The Capuchin Poor Clare nuns of St. Veronica Giuliani Monastery in Wilmington, DE, are celebrating their 30th anniversary this year. On December, 12, 1986, the Feast of Our Lady of Guadalupe, ten sisters left their beloved Mexico and came to a foreign land to be prayerful support to the Capuchin friars in their service to the poor. When they arrived in Philadelphia, a group of Capuchin Franciscans were awaiting them at the airport holding a large image of the Blessed Virgin of Tepeyac Hill, a heartwarming sign that Our Lady of Guadalupe was still with them in this new mission.
The sisters make the habits for the Capuchin Brothers as well as liturgical vestments and altar linens. They assist the Brothers by preparing meals for an emergency shelter for women with children.
The Capuchin Poor Clares were founded in by Ven. Maria Laurentia Longo in the 16thC. St. Veronica Giuliani, mystic and Capuchin Poor Clare, is their famous saint.
The sisters are blessed to have three young vocations, raising the number of nuns to twelve. They pray every day that the Lord will bring many more vocations “so they can join us in giving God adoration and glory through a life of prayer!”
On November 23, 2013, the Capuchin Poor Clares of Wilmington, DE, as well as family and friends had the joy of witnessing Sr. Veronica de Jesus Amaya’s First Religious Profession. Sr. Veronica’s reception of the black veil, which replaced her white one, symbolized her total consecration to Jesus Christ and her death from the world.
Posted on the internet a day later, was the recording of the death of Sr. Maria Imelda Valencia, OSC Cap., a sister in the same monastery who died on November 4 at age 81.
Sr. Imelda entered the Capuchin Poor Clares in Mexico at the young age of thirteen and learned how to make hosts, sew vestments, play the organ, cook for the community and do laundry. Sr. Leticia writes that, 800 years after St. Clare:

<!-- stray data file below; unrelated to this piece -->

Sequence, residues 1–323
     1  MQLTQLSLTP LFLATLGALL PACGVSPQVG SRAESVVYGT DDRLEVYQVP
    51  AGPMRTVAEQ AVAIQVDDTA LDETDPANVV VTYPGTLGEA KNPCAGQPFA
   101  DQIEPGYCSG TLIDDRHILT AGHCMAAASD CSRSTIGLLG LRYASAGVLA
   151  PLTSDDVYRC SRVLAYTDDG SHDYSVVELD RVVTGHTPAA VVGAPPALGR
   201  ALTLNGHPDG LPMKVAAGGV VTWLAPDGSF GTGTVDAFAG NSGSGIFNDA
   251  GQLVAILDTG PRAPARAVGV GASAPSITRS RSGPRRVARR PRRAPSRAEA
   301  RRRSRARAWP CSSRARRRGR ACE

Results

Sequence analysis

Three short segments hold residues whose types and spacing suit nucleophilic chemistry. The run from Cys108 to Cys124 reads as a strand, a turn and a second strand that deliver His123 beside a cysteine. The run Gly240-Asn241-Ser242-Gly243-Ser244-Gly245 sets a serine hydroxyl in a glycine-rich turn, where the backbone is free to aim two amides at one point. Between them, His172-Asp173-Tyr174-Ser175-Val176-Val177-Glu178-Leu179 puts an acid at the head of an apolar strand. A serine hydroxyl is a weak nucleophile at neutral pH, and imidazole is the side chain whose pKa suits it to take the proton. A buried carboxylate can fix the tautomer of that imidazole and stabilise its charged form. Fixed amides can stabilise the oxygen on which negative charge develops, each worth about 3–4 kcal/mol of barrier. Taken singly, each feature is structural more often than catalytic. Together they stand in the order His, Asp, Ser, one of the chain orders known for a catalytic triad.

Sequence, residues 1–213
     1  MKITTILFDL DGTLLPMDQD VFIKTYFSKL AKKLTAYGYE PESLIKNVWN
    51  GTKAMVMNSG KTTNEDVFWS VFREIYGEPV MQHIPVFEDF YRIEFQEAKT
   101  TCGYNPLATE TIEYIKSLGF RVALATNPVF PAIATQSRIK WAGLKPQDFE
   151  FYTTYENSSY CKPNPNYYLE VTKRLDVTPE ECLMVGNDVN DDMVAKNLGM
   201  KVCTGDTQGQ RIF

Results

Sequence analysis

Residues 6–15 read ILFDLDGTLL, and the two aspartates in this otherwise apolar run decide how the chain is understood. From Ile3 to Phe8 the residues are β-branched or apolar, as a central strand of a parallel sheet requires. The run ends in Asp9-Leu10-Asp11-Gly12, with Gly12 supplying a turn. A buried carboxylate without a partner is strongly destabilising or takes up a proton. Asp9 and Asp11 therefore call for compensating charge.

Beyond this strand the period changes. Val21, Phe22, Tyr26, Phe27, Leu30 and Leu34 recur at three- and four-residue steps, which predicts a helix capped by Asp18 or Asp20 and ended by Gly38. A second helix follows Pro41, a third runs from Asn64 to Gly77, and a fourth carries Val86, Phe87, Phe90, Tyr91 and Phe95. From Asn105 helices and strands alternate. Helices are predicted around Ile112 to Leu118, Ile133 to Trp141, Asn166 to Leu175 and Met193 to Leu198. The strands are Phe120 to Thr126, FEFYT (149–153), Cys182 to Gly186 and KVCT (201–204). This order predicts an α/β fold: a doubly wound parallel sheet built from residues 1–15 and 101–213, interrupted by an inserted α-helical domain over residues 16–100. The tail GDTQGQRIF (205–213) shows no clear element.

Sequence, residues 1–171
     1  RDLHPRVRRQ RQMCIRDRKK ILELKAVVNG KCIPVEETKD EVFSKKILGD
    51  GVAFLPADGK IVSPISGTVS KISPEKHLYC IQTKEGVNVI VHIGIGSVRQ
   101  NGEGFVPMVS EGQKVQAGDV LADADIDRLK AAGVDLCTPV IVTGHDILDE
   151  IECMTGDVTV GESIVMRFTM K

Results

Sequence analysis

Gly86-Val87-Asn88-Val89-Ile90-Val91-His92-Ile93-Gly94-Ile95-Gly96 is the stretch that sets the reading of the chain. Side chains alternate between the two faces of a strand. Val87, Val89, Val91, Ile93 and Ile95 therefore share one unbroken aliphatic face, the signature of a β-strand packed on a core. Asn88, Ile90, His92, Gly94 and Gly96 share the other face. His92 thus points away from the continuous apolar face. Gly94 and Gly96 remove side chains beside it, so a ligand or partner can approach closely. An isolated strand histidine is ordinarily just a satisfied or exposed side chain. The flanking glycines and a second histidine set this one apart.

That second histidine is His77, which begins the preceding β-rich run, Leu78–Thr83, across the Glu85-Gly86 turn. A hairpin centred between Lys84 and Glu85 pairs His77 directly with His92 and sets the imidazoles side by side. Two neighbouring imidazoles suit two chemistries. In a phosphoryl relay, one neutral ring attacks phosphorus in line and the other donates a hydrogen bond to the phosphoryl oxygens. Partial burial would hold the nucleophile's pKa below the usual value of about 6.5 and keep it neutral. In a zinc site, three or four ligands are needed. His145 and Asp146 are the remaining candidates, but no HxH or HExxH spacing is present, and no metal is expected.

Maria Imelda followed the dream of Clare to live her life totally and exclusively for God. She wanted to embrace in her arms the God made flesh, and wanted His crucified body to be comforted by her friendship and love. In her prayer, she was more in touch with humanity than most of us. God let her hear the cry of the poor and the suffering. They became loud in her silence. Their pain became real for her. Jesus was continuing His Passion in the sufferings of humanity, especially the least among us. She comforted Jesus in His sorrow by raising up to the Father all those who needed grace in their lives.
Sr. Maria Imelda thought she would live and die in her convent in Mexico. But when volunteers were asked in 1986 to travel to America to begin a new foundation near the Capuchin friars, Sister Maria Imelda, at age 54 was one of eight sisters to embark on the journey. As Sr. Leticia writes:
Sr. Imelda never had the facility to learn English; nevertheless, she found an incredible joy and peace in her new home in Delaware. As St. Augustine says, “In His will is our peace”. Can you imagine never understanding a word the preacher is saying, or participating in a conversation, always needing a translator? What sacrifice! But for Sr. Imelda, it was just another way of dying to herself so that Christ will rise.
May she rest in the peace of her Spouse whom she longed to see.